BBA Past President J.D. Smeallie issued a statement on the Supreme Court ruling re: Marriage Equality. Read it here.

The Constitution’s guarantees of equal protection effectively protect all people from invidious discrimination, whether on account of race, gender, national origin, religion, alienage, or sexual orientation.

The BBA’s support of marriage equality came to the attention of the legal world when in 2002 we became one of the first bar associations in America to file an independent amicus brief in Goodridge v. Department of Public Health stating that denying civil marriage licenses to same sex couples is a violation of the Massachusetts Declaration of Rights.

In recent years, the BBA has demonstrated support for advancing the cause of marriage equality in a variety of ways:


We drafted an amicus brief in Cote-Whiteacre v. Dept. of Pub Health supporting the position of Gay and Lesbian Advocates and Defenders(GLAD). We argued that the 1913 statute, which prevents non-resident couples from marrying in Massachusetts if that marriage would be void in their home state, was unconstitutional.


We signed on to an amicus brief in Commonwealth of Massachusetts v. U.S. Dept. of Health and Human Services, and Nancy Gill et al v. Office of Personnel Management et al., arguing that classifications based on sexual orientation must be subjected to heightened scrutiny. The brief concerns two cases that involve a constitutional challenge to Section 3 of the federal Defense of Marriage Act (“DOMA”) being heard before the First Circuit.


We presented the Beacon Award for Diversity + Inclusion to the Gay and Lesbian Advocates and Defenders and the Massachusetts Attorney General's Office for their efforts to challenge the federal Defense of Marriage Act (DOMA), a statute that discriminates against legally married same-sex couples.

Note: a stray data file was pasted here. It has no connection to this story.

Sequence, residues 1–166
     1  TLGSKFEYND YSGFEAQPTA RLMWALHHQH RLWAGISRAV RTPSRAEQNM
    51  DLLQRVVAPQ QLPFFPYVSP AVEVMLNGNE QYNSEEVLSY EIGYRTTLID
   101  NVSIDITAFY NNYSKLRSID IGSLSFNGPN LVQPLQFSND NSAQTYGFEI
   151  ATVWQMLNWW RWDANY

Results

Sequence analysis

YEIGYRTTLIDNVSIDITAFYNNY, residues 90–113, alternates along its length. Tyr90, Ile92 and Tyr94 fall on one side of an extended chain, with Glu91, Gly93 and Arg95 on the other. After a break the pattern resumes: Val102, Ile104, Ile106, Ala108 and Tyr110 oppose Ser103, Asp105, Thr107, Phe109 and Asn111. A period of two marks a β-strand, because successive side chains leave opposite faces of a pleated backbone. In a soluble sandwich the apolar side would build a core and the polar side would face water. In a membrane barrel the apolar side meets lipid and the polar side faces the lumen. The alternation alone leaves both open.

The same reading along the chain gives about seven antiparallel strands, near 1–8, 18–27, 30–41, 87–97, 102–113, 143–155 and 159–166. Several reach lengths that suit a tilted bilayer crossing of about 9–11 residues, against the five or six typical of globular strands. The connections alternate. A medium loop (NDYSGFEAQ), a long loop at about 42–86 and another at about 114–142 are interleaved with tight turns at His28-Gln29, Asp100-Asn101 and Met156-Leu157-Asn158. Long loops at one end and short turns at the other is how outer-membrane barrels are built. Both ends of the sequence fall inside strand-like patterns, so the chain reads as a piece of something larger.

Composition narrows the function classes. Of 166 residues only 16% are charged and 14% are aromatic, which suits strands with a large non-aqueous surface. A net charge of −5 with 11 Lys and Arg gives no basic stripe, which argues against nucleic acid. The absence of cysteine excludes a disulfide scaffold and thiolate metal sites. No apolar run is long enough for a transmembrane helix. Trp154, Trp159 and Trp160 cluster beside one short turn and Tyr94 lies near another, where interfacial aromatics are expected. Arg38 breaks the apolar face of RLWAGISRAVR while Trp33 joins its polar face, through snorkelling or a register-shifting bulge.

We joined a coalition of bar associations, civil and human rights groups, and public interest and legal services organizations and signed onto amicus briefs in two cases before the Supreme Court of the United States: United States v. Windsor and Hollingsworth v. Perry. In both briefs, the amici urge the Court to presume the "unequal treatment is based on deep-seated prejudice or baseless stereotypes and requires a more searching review of the actual grounds for the discrimination to prevent governments from justifying it with post hoc rationales."

Massachusetts: the first state to legalize same-sex marriage

Following the Supreme Judicial Court’s 2003 ruling in Goodridge v. Department of Public Health, Massachusetts became the first state to legalize same-sex marriage. As of June 2013, twelve states—Connecticut, Delaware, Iowa, Maine, Maryland, Massachusetts, Minnesota, New Hampshire, New York, Rhode Island, Vermont, Washington, as well as the District of Columbia and three Native American tribes—have legalized same-sex marriage.

Other resources:

Issue Spot: the BBA’s Public Policy Blog

BBA Continues Advocacy for Marriage Equality
February 27, 2013

Nationwide Victories for Same-Sex Marriage
November 15, 2012

SCOTUS 2012 Fall Starting Line-Up
October 4, 2012

BBA Signs on to Amicus Brief Challenging DOMA
November 10, 2011

Still Proud to Be First!
August 11, 2011

D-Day for DOMA
February 24, 2011

BBA Press

2013 Boston Bar Joins in Support of Striking Down DOMA

2012 SCOTUS To Hear Same-Sex Marriage Cases

2011 BBA Signs onto Amicus Brief Challenging DOMA